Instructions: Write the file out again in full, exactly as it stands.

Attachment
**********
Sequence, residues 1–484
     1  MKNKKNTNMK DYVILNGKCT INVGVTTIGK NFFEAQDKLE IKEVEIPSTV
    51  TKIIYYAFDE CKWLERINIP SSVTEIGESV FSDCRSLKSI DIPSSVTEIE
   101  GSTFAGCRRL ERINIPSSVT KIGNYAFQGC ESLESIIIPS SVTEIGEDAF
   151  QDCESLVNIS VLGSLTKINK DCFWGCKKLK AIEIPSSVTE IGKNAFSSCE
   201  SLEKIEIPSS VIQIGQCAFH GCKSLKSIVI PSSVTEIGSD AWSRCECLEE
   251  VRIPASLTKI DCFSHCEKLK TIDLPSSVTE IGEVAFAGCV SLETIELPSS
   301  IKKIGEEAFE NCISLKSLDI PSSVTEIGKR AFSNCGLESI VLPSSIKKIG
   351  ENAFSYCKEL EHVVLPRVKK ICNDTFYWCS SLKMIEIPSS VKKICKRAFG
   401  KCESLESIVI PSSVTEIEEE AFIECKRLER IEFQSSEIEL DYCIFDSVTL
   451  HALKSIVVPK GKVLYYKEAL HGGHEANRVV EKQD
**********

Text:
Sequence, residues 1–484
     1  MKNKKNTNMK DYVILNGKCT INVGVTTIGK NFFEAQDKLE IKEVEIPSTV
    51  TKIIYYAFDE CKWLERINIP SSVTEIGESV FSDCRSLKSI DIPSSVTEIE
   101  GSTFAGCRRL ERINIPSSVT KIGNYAFQGC ESLESIIIPS SVTEIGEDAF
   151  QDCESLVNIS VLGSLTKINK DCFWGCKKLK AIEIPSSVTE IGKNAFSSCE
   201  SLEKIEIPSS VIQIGQCAFH GCKSLKSIVI PSSVTEIGSD AWSRCECLEE
   251  VRIPASLTKI DCFSHCEKLK TIDLPSSVTE IGEVAFAGCV SLETIELPSS
   301  IKKIGEEAFE NCISLKSLDI PSSVTEIGKR AFSNCGLESI VLPSSIKKIG
   351  ENAFSYCKEL EHVVLPRVKK ICNDTFYWCS SLKMIEIPSS VKKICKRAFG
   401  KCESLESIVI PSSVTEIEEE AFIECKRLER IEFQSSEIEL DYCIFDSVTL
   451  HALKSIVVPK GKVLYYKEAL HGGHEANRVV EKQD